Three other points in the introductory part of the Cabinet resolution setting up Niti Aayog are noteworthy: The first is the assertion that “our aspirations have soared and today we seek elimination, rather than alleviation, of poverty.” The second is the important role given to governance in achieving desirable social outcomes: “The people of India have great expectations for progress and improvement in governance, through their participation. They require institutional reforms in governance and dynamic policy shifts that can seed and nurture large-scale change (paragraph 3).” Subsequently, there is an indication of how the institutional reforms in governance can be brought about: “Government and governance have to be conducted in an environment of total transparency — using technology to reduce opacity and thereby, the potential for misadventures in governing (paragraph 6g).”
Poverty elimination

A paper in the Economic and Political Weekly in 2002 had raised the issue of corruption and governance and to bring policy-institutional reform into the development debate, but to no avail. A debate on poverty elimination, as against alleviation, was sought to be initiated in 2005-06 through a Planning Commission paper, but was stymied. It is therefore very encouraging that this is an important part of the mandate of Niti Aayog.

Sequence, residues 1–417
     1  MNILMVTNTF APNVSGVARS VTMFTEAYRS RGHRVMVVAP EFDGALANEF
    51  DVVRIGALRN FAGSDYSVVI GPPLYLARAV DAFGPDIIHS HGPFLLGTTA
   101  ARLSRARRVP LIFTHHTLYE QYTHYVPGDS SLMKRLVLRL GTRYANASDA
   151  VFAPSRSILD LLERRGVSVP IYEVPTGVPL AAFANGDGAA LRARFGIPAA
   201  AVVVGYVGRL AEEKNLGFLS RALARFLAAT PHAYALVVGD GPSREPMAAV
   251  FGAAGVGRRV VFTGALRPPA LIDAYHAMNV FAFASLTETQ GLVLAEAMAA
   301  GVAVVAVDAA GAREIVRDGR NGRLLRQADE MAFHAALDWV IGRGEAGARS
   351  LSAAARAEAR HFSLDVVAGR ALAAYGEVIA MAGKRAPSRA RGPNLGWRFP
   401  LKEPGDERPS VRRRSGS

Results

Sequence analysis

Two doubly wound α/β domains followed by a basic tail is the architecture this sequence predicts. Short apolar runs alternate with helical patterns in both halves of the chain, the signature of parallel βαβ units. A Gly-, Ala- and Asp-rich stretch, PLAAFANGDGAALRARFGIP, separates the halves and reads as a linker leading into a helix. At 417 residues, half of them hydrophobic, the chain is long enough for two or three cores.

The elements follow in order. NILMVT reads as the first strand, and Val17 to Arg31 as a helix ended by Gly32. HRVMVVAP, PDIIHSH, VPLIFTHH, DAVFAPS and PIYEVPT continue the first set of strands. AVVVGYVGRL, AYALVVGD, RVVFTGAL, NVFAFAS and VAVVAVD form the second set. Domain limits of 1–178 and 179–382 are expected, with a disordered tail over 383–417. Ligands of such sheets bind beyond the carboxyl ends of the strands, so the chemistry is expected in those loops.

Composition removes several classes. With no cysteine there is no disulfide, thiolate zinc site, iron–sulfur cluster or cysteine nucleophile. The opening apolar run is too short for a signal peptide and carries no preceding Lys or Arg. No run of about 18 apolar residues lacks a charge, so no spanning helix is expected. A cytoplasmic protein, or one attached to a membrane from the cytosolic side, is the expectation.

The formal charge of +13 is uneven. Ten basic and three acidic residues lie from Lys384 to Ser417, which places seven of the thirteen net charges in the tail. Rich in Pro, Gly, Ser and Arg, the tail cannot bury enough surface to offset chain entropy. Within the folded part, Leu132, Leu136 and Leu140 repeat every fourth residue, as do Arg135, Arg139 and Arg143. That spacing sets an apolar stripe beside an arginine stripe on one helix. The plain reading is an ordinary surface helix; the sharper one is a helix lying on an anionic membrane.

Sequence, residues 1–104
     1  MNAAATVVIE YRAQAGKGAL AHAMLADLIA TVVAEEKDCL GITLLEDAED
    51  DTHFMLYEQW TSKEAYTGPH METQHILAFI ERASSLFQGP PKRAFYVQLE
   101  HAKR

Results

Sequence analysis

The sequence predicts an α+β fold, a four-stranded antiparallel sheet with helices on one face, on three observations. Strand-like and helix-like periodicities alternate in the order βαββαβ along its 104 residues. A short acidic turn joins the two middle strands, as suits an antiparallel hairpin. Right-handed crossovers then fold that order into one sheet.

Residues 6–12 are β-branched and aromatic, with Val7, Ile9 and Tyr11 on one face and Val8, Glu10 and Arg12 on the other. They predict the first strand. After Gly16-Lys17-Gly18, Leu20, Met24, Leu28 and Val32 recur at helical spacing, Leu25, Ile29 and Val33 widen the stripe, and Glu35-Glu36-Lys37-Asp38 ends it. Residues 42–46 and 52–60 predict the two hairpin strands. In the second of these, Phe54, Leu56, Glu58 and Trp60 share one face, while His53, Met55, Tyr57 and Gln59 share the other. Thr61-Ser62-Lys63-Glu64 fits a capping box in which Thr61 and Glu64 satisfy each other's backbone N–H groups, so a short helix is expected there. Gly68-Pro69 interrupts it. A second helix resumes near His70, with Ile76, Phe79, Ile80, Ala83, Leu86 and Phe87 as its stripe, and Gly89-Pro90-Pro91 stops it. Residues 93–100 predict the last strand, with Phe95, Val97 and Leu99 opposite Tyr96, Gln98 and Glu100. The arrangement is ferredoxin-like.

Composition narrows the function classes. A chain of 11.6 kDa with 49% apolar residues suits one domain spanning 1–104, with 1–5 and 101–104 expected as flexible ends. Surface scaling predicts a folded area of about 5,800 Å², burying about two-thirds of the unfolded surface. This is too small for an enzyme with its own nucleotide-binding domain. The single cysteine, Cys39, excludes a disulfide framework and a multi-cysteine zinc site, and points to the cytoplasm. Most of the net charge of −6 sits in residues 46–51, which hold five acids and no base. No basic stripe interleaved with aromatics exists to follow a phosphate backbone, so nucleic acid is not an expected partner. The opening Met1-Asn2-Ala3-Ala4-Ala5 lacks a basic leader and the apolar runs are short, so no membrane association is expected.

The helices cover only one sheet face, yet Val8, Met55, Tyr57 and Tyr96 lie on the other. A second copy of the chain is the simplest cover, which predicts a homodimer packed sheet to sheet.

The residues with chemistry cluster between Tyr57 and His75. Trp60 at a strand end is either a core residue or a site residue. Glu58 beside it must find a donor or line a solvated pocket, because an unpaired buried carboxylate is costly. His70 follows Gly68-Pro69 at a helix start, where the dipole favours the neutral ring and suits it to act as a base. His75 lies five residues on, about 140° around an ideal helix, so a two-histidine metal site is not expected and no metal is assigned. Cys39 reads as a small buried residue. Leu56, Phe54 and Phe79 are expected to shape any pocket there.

The emphasis on interaction with international think tanks and Indian educational and policy research institutions would be a departure for the Indian bureaucracy.
The third is the recognition of a changed reality of economy, society and government functioning and its implications: “India needs an administration paradigm in which the government is an ‘enabler’ rather than a ‘provider of first and last resort’. The role of the government as a ‘player’ in the industrial and service sectors has to be reduced. Instead, the government has to focus on enabling legislation, policy-making and regulation (paragraph 6a).” Many old-style development planners refused to accept these changes (even if they paid lip service to it), though this issue was raised first in the 1990s and subsequently in the 2000s. A recognition of this reality by the Union cabinet provides a sound basis for closing the technology gap between India and the advanced countries, that is correlated with the large income gap between us. The reference to the role of urbanisation (paragraph 6g) as an aid to a technological catching up, suggests an understanding of the links between technology gaps and per capita income gaps. This further links to welfare gaps through the statement “Equality of opportunity goes hand-in-hand with an inclusiveness agenda (paragraph 8c).” The open discussion of the global environment and its two-way interaction with India also displays a degree of self-confidence vis-à-visforeign countries (paragraph 6c) that bodes well for building a competitive, fast-growing economy.